• Pros of the customized work schedule are that it boosts employee productivity (since employees get to choose when they actually want to work, instead of when they have to work), it's family friendly (employees can design their schedule around family responsibility such as picking up kids from school), increased employee loyalty (as employees might realize that other employers won't necessarily offer this type of flexibility), empowering employees by providing them with autonomy, and employees can avoid rush hour in their commutes if they so choose.
  • Cons of the customized work schedule are increased communication difficulties with people working at different times, diminished accountability, challenges with scheduling meetings, and a diminished sense of work team comradery.
  • Examples of companies that offer a customized work schedule include Verve, Postmates, Easton Wellness and Rehabilitation, Fairview Meadows Healthcare Center, CCC Information Services Inc., Jobletics, and Somerset Hills Health and Rehabilitation.

5. 9/80 Schedule

  • The 9/80 work schedule means that an employee has a four-day workweek in which they work for nine hours on those days. On the fifth workday, he/she works for eight hours total, which is divided into two periods of four hours. That first period of four hours marks the completion of their first week, while the second marks the beginning of the next workweek.
  • During that second workweek, the employee has a four-day workweek in which he/she works nine hours on each of those days. The reward comes on the fifth day of that second workweek, as he/she gets a day off.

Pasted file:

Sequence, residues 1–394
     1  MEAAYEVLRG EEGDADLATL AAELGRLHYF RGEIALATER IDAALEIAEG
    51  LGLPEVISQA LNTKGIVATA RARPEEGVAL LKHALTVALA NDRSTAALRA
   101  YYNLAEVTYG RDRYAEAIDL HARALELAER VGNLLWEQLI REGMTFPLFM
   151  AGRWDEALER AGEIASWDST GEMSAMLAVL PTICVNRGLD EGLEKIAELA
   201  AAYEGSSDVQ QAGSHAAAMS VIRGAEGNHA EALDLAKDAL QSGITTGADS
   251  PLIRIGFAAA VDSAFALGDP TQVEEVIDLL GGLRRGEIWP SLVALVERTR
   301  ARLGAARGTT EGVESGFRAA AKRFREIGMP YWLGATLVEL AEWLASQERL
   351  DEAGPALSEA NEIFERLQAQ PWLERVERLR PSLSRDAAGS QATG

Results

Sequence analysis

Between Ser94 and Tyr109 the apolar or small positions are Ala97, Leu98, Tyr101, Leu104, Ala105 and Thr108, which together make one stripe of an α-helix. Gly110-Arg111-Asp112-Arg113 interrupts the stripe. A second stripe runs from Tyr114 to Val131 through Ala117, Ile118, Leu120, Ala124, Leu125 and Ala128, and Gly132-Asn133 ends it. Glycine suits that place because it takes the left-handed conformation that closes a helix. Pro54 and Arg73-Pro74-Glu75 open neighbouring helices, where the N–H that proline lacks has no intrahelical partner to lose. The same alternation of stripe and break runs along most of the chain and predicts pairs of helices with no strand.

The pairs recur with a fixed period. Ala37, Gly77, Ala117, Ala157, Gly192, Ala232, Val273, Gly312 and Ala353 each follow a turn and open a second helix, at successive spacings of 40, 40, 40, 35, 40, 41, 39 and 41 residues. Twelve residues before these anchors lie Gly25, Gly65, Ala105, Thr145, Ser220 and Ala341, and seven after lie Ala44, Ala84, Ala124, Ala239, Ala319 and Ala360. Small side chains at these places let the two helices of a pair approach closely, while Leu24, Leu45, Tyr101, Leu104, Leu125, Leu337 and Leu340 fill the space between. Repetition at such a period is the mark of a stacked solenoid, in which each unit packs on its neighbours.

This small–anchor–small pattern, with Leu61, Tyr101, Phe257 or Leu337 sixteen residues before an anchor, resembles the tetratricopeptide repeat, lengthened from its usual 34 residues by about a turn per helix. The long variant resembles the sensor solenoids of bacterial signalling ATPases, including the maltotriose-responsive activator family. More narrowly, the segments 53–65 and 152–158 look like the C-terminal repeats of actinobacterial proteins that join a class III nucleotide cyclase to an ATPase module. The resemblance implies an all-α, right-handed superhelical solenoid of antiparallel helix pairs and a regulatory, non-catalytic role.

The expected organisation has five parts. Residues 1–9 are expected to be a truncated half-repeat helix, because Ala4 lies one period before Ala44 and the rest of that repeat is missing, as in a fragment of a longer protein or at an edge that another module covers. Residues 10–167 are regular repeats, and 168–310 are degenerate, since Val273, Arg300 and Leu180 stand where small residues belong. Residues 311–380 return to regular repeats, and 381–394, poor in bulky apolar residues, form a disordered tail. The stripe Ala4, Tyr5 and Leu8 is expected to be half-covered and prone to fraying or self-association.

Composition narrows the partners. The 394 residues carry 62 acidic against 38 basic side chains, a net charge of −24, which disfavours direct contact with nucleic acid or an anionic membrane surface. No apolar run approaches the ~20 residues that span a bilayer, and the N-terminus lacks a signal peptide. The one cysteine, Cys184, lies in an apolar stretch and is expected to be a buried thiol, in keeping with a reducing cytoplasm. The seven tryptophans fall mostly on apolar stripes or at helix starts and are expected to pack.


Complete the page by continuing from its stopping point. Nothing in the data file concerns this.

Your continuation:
• The pro of the 9/80 schedule is that an employee gets a day off every two weeks that he/she otherwise wouldn't have had.
  • Cons of the 9/80 schedule are that the workdays are high pressure and that evenings outside of work are shorter on workdays since employees are working longer on those days.
  • Examples of companies that offer a 9/80 schedule include Chevron and L3Randtron.

6. Flex/Flextime

  • A flex/flextime schedule allows employees to work a set number of hours at a designated location (likely an office), but the rest of their hours can be worked wherever and whenever they so choose.
  • Pros of the flex/flextime schedule are that it offers work/life balance, increases employee productivity as a result of the flexibility afforded to them, results in greater job satisfaction, and provides cost savings for employers.
  • Cons of the flex/flextime schedule are that it can make scheduling team meetings more difficult and it can eliminate the opportunity to hold an in-person meeting on-demand if things come up at the office.
  • While many employers provide a flex work schedule option, some examples of companies that offer such include LivingSocial, Ditto, Upwork, Thumbtack, and VMware.

Your research team applied the following strategy:

We identified the types of work schedules above as ones that companies are using to attract and retain talent by reviewing numerous articles published on this topic from media sources such as CNN and industry sources such as Flexjobs. The vast majority of the information provided above came from those numerous articles that we consulted throughout our research. In looking for companies that utilize some of the above schedules, we reviewed job boards advertising those types of positions as a way to identify such companies. We ensured a U.S. focus to our research, as all the schedules above are utilized by U.S. companies. Together, this research process provided us with all the information we sought about types of schedules that companies are using to attract and retain talent in the U.S.